And, since I am not privy to the  State Archives of the Russian Federation, located in Moscow perhaps you could clarify whatever "bliss" Olga may have experienced before the War and Revolution and quote from these diaries. I would very much like to hear that Olga had more than just one ball before the War and Revolution turned her world upside down.

64
Olga Nicholaievna / Re: Olga knew what was going to happen
« on: July 16, 2007, 01:14:29 PM »
Certainly she must have known that their would be no traditional boyfriend or marriage to look forward to.

There is simply no evidence of this.
  
When she had her "coming out" at 16, she danced and never had had such bliss.

Just out of curiosity, how do you know "she never had such bliss?"

Unforturnately this was the only time.

The only time she attended a ball? No, she attended them after the age of 16 as well. 



Well, by the age of 23 she was imprisoned in Ekaterinburg with a prison life.  For a young woman of 23 who had never dated or had a courtship, certainly it would have seemed a bleak perspective.  And it was my opinion after all.

How kind of you to point out that Olga attended balls after 16.  I would certainly like to hear those passages from her diaries.  And just out of curiosity how do you know she HAD any bliss?

65
The Windsors / Re: Princess Diana - Part 2
« on: July 16, 2007, 10:44:53 AM »
No, there isn't evidence except for passages in books that are not cited from a credible source.  But it was my thought that perhaps it WAS something she was looking forward to as the mother of a King.

66
Olga Nicholaievna / Re: Olga knew what was going to happen
« on: July 16, 2007, 10:36:17 AM »
I agree that Olga's depression was situational.   But also in my opinion, she was 23 at the time and her future looked pretty bleak.  Certainly she must have known that their would be no traditional boyfriend or marriage to look forward to.  Something it seems she wanted, much like Maria.  When she had her "coming out" at 16, she danced and never had had such bliss.  Unforturnately this was the only time.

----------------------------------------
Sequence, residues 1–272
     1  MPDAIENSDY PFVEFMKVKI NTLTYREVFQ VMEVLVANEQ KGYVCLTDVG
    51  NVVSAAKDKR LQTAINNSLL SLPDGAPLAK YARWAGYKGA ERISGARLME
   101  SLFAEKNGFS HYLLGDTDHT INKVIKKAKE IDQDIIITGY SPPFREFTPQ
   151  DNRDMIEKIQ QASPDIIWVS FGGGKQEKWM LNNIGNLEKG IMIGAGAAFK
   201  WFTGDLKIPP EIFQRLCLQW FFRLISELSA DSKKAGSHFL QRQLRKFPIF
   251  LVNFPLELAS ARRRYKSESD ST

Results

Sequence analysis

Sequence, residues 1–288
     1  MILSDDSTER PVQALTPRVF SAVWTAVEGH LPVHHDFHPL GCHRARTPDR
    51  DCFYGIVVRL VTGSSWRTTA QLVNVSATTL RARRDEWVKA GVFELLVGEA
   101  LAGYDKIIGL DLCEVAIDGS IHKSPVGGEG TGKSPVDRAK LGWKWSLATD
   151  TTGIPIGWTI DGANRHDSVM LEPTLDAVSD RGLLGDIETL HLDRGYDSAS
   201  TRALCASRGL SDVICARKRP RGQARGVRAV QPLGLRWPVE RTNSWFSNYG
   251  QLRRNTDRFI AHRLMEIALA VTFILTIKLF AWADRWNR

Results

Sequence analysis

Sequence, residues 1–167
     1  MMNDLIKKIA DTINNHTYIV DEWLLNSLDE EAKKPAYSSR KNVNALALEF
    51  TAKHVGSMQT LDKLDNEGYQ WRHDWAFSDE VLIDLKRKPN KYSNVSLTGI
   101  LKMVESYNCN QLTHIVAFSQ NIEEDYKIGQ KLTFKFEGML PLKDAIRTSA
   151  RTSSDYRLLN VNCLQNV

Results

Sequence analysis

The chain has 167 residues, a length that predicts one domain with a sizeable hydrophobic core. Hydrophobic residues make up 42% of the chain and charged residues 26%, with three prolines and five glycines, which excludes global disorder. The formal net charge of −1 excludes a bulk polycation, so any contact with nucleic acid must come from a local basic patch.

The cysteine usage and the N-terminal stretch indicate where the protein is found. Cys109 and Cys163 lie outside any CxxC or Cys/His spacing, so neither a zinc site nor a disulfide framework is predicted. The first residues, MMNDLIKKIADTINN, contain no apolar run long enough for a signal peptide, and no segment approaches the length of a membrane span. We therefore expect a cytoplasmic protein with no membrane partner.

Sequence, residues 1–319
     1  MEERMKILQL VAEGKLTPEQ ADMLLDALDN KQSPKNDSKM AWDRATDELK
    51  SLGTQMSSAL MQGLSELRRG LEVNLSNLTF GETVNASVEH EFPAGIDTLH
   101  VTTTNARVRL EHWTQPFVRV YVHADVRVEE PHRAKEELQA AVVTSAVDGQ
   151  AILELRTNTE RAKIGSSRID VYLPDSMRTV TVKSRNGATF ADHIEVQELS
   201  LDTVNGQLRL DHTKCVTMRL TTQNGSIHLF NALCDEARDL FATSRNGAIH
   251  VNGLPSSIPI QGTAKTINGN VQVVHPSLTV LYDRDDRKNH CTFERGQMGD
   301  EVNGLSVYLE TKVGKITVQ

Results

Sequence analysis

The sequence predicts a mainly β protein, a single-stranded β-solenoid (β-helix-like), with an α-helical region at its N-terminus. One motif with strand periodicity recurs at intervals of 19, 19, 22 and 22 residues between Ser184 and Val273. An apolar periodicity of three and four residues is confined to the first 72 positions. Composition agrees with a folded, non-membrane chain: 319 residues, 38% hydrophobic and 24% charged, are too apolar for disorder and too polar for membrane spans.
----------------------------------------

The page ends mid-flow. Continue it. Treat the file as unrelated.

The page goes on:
There were many things that Olga must have contemplated as she grew to a grown woman during a perilous age for Russia.   And being sensitive as she was, it must have been torture.

67
The Habsburgs / Re: Inter-Marriage and In-Breeding
« on: July 16, 2007, 10:22:46 AM »
Truly.  The "Hanoverian" feature was quite prominent and appeared quite frequently beyond QV.  It's certainly an identifiable trait.

68
The Windsors / Re: Princess Diana
« on: July 12, 2007, 01:31:32 PM »
Well, the above is essentially what a lot of women would do.. ;D but unfortunately for Princess Diana she was in the Marriage for love. I believe She had money of her own (the flat in Mayfair) before She was married ...so the money wasn't an issue!  Putting up with the Affair Between Camilla and her Husband put her under such tension and stress it was making her ill.  Be young and beautiful and do without love..well....get out of the marriage....tricky..... ::) find someone everyone would accept to remarry.....very hard!




I agree that she wanted the love of Charles and her marriage a success more than the jewels, money and the Queenly title.  Though she was his biggest asset, Charles could be quite jealous of the attention she got at times which only further distanced them.  I don't think she could have kept up the facade forever either as others before her had done.   But like Jacqueline Kennedy, she took her pride and achievement in raising her children who turned out to be two fine young men.  I think she was counting on William to restore her Royal Highness title when he became King.  But having the Queen tell them they ought to divorce must have been devastating to Diana.